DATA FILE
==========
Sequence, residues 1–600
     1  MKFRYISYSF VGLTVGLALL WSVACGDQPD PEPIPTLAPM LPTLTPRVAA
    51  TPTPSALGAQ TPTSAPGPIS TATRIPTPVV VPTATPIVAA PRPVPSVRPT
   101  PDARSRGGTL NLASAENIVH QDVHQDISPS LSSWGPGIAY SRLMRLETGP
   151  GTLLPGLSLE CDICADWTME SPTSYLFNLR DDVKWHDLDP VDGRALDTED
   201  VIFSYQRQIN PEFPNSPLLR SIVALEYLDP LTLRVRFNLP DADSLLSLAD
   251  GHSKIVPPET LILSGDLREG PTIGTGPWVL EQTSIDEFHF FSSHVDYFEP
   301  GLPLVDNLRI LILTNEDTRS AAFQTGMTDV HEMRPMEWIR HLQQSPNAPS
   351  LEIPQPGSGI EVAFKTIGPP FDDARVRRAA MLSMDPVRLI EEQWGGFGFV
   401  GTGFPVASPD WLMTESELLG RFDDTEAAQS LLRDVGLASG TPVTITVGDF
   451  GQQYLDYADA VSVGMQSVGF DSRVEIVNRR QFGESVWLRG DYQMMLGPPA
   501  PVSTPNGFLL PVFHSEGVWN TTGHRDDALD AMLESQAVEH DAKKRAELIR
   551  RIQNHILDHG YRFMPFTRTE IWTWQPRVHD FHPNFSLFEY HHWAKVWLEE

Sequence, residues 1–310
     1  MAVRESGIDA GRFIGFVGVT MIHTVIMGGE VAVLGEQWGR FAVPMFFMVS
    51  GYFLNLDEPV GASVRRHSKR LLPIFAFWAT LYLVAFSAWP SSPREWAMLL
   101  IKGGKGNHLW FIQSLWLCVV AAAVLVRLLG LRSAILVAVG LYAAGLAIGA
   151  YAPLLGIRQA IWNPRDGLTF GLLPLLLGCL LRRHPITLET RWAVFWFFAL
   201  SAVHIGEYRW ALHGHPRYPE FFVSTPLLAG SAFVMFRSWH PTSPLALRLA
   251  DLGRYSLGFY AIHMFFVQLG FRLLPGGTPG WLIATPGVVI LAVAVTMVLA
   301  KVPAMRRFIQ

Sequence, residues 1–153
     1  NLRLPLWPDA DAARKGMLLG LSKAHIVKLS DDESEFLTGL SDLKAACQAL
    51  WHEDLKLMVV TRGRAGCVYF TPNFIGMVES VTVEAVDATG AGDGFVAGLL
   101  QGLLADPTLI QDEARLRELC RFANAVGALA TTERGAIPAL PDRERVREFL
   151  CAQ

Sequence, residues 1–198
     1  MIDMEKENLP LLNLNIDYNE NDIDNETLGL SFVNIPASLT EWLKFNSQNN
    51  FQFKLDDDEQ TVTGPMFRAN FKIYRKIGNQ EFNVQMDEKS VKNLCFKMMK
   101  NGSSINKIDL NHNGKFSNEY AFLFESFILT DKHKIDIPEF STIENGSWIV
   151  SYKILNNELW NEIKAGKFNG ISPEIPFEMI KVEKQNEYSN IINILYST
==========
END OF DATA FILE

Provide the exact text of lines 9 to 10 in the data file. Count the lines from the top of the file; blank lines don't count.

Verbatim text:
   351  LEIPQPGSGI EVAFKTIGPP FDDARVRRAA MLSMDPVRLI EEQWGGFGFV
   401  GTGFPVASPD WLMTESELLG RFDDTEAAQS LLRDVGLASG TPVTITVGDF